Hand sewing is a useful skill, but it’s simply not capable of producing uniform and strong stitches that you can achieve with a sewing machine. However, when you have a machine sewn seam, the first and the last stitches are always the weakest points. For this reason, many sewers protect these weaker stitches with a reverse stitch. Many sewing machines have a reverse lever or button to stitch in the opposite direction. But, some sewers don’t have this functionality, and a good alternative is a lock stitch to make the start and end of the seam more secure.
The humble lock stitch is a very basic stitch found on every sewing machine. When the sewer makes a series of single stitches, the threads at the top and bottom lock together to make them more secure in the fabric. In fact, if you’ve ever sewn a straight stitch on your sewing machine, you’re probably using a lock stitch already. A lock stitch will secure the seams and ensure that they don’t unravel later.
Even basic sewing machine models can create a simple lock stitch to secure those seam ends tightly. There are three main lock stitch types, and we have detailed them here in ascending order with true lock stitching as the strongest.
A tying stitch is achieved by sewing the seam up to the end, and then the sewer ties the two ends together at the seam edge. If you need to place a lock stitch away from the ends of the fabric, this can be achieved easily. Stop the stitching where you need to lock stitch, then turn over the fabric, pull the stitch through, and then tie the two ends together.
This is a reversed straight stitch that provides extra security for the ends of your seams. This can be achieved by sewing to the end of your seam, then reverse a few stitches by hand or machine if you have a reverse function. A few forward and reverse stitches at each end of the seam will make the seam more secure.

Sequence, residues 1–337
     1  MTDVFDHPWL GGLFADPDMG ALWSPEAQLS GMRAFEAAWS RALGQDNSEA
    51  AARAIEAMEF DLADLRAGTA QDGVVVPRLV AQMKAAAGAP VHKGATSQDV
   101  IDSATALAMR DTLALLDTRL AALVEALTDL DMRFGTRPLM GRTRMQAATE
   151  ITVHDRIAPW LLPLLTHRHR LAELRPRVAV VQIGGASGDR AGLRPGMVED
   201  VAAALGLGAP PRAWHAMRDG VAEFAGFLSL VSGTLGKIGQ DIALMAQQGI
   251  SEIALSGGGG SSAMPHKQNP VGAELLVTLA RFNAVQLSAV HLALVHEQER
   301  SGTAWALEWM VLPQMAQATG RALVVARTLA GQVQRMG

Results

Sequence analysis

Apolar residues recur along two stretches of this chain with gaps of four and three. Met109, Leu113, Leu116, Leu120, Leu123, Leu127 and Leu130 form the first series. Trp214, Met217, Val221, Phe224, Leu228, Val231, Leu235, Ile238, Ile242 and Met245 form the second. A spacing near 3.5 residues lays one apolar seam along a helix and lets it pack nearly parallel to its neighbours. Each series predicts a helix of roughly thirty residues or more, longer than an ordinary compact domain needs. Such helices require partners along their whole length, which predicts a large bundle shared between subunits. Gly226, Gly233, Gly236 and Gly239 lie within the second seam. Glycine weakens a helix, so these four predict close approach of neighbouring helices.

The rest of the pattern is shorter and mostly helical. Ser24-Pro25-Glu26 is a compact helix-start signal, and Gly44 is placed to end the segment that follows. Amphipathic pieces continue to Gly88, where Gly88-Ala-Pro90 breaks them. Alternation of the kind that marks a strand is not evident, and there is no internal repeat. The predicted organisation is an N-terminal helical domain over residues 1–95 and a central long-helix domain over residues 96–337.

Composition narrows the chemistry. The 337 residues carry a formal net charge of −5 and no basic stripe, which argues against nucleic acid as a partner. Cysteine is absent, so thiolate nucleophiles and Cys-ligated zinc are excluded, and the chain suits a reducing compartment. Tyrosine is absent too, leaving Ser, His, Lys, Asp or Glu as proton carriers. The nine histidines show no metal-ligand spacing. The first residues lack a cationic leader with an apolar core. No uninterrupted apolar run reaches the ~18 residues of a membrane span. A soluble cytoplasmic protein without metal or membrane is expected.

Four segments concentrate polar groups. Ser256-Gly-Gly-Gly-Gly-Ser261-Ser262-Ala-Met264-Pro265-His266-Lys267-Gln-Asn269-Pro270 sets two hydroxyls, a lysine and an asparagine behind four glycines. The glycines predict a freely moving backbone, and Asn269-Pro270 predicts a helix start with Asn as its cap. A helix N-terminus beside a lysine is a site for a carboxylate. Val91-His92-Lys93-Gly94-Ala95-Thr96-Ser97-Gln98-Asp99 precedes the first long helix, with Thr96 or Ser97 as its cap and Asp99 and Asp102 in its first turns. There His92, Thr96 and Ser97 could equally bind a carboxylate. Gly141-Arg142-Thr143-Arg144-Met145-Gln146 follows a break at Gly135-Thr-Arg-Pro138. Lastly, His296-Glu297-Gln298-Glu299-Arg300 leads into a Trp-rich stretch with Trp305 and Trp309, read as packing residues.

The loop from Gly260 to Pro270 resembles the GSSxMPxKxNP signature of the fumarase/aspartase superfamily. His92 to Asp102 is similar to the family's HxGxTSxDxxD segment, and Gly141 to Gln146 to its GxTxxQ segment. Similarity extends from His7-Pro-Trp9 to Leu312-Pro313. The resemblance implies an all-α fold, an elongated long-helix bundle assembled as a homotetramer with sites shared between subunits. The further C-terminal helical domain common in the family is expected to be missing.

There are sewing machines that have dedicated a lock stitch function to secure the seams in place. This is true lock stitching, and it’s the strongest locking stitch available. When you look at a true lock stitch, you can see tiny knots of thread that are positioned along the entire seam. If you’ve ever wondered how to lock stitches when quilting, this is a better alternative to backstitching, which can look ugly on the top side of the fabric.
If you have a built-in lock stitch, the machine will sew a set number of stitches and stop automatically. This is a common option on some new electronic sewing machine models. This is a very useful function on sheer fabrics, quilts, and any other fabric that has sweeping bundles of material.
The owner’s manual is the first place to look to determine if your sewing machine has a true lock stitch function. If you’re sewing machine can perform a lock stitch, it will sew a straight stitch forwards and backward with no need to repeat stitches.
If you’re sewing machine doesn’t have a dedicated lock stitch feature, you can achieve similar results. Simply make the stitch length as short as you can and sew 2-4 stitches at the desired lock stitch point. This is not a great option; you will create a thread knot, and the sewing machine may jam.
Another lock stitch option is to stop the stitching with a thread tail remaining. Then you can pull one of the tails to the rear side and tie a knot by hand securing fabric to the thread tails.
Now you know how to lock stitches on a non-reverse sewing machine. Dedicated sewers and quilters will want to invest in a machine that has a dedicated lock stitch function to keep those seams secure. Creating a lock stitch by hand takes time, and the results are not as effective as a lock stitch that you can make on a sewing machine.